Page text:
New York, New York April 1, 2004 - In response to a lawsuit filed by two Rockland County Correction Officers, State Supreme Court Justice William E. Sherwood has ruled that the Rockland County Sheriff’s Department must continue to provide 207-c benefits to correction officer Zane Arok, who was injured while participating in the mandatory Defensive Tactics and Training Course, a self-defense program designed to prepare correction officers for dealing with problematic inmates. The Sheriff’s Department settled the lawsuit with the other correction officer, Maureen Cawley, who was injured while trying to control a disruptive inmate.

According to the complaint filed in New York State Supreme Court in August of 2003, Joey Jackson, of Koehler & Isaacs LLP, argued that the Rockland County Sheriff’s Department ‘arbitrarily and capriciously’ denied veteran correction officers Zane Arok and Maureen Cawley Section 207-c benefits, after they incurred work-related injuries. The purpose behind Section 207-c is to compensate specified municipal employees for injuries incurred in the performance of special work related to heightened risks and duties.

“This decision is a victory for all Rockland County correction officers,” said William Hickey, president of the Correction Officers Benevolent Association of Rockland County. “They refused to give these two veteran officers the benefits which they were clearly entitled to and they have needlessly put us at impasse in collective bargaining negotiations for a new contract.”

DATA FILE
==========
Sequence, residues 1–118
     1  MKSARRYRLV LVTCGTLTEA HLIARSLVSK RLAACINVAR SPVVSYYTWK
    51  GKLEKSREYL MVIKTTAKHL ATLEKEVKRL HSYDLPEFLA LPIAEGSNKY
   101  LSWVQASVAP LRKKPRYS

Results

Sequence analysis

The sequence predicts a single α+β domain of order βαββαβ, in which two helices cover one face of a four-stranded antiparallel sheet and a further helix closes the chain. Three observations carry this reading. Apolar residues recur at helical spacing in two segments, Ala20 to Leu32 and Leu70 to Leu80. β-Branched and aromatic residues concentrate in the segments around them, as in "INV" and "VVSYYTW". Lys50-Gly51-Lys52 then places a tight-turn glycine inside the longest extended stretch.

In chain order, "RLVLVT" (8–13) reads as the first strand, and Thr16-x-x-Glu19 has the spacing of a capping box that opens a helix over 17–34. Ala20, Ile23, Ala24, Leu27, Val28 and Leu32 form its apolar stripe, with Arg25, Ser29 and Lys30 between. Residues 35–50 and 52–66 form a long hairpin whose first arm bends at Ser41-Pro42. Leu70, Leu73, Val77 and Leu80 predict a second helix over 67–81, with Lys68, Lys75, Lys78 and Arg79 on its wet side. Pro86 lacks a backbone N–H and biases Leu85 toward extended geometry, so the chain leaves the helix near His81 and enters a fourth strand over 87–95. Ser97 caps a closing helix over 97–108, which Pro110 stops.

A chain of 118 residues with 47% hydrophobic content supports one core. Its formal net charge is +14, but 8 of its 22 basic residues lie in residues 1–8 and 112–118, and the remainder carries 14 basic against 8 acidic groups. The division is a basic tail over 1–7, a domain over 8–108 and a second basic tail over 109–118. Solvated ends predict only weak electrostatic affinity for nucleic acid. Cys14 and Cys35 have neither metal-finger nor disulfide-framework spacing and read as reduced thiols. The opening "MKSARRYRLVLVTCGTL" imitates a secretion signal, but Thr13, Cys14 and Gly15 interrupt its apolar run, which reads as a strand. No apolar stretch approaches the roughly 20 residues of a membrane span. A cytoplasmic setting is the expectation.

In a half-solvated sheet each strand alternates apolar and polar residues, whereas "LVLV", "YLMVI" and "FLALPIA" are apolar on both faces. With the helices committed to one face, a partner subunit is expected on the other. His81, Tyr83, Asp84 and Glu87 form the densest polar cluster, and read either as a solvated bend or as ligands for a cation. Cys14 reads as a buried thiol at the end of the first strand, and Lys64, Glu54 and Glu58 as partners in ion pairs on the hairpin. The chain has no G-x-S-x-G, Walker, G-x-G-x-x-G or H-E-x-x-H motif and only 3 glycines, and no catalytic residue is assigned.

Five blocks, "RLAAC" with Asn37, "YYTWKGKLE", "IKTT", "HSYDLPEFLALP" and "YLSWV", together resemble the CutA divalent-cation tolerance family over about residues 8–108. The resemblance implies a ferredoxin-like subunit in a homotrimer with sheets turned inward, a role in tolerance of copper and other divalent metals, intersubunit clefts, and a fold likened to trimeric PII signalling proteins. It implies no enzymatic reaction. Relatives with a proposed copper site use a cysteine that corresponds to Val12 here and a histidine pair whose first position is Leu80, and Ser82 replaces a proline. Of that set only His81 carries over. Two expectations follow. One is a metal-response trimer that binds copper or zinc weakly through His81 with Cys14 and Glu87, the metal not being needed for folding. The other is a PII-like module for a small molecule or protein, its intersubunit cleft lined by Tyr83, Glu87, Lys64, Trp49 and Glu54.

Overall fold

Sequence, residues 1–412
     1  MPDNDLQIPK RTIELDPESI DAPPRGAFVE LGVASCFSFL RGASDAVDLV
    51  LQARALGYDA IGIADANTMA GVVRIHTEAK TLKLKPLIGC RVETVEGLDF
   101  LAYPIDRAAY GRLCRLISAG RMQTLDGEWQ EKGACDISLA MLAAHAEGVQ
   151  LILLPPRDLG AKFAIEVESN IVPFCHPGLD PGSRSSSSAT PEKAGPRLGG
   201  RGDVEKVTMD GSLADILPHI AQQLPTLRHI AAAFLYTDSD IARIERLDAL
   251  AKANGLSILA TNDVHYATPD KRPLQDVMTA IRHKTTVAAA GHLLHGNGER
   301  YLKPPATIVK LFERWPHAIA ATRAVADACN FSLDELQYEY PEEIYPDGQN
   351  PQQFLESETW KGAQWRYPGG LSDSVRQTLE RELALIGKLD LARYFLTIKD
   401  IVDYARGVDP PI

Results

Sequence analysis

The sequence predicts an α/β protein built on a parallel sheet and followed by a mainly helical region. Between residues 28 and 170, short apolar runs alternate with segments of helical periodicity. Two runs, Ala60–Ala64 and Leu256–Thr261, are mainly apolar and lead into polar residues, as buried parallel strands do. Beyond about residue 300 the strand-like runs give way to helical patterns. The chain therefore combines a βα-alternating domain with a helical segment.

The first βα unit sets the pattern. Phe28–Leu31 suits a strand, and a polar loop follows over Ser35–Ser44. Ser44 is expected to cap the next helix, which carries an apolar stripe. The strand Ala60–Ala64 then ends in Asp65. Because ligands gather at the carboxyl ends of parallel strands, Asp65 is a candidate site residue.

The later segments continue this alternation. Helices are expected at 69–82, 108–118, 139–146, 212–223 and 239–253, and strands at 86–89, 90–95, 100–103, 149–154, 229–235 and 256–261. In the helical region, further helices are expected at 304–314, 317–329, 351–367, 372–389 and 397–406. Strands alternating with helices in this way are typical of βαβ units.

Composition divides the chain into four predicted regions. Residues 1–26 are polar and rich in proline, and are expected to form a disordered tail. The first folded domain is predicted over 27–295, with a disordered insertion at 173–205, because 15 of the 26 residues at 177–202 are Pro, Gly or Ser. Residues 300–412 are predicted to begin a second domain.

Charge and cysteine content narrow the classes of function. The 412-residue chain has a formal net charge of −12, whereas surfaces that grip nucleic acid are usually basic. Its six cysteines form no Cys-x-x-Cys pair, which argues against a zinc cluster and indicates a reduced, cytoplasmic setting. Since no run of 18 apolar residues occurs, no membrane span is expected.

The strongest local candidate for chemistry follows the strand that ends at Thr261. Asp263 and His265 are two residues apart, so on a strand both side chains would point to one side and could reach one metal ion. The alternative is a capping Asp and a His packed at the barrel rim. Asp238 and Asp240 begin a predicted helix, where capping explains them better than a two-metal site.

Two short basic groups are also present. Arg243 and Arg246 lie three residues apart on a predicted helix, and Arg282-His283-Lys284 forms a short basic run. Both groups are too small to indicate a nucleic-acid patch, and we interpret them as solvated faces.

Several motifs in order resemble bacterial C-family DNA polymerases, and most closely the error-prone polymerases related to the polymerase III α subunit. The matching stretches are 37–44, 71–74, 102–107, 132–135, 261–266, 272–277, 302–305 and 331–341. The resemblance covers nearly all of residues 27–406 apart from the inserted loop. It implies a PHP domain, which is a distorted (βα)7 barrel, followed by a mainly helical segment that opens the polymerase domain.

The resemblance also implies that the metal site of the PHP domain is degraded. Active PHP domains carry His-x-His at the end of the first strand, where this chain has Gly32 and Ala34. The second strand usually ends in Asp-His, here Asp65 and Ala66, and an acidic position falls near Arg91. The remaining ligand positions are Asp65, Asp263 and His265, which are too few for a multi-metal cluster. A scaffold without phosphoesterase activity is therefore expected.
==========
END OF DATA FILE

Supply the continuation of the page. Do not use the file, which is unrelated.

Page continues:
Commenting on the legal implications stemming from Judge Sherwood’s decision, Mr. Jackson said, “Clearly the incident involving Ms. Cawley was a textbook example of why Section 207-c benefits were created in the first place; to protect municipal employees with dangerous job responsibilities.”

Mr. Jackson continued, “Even more significant though, is that Judge Sherwood clarified that when a municipal employee is participating in an employment required self-defense course, that employee remains under the auspices of the employer and in this case, it was the Sheriff’s Department.”

Rockland County correction officers have been working without a contract since December of 2000.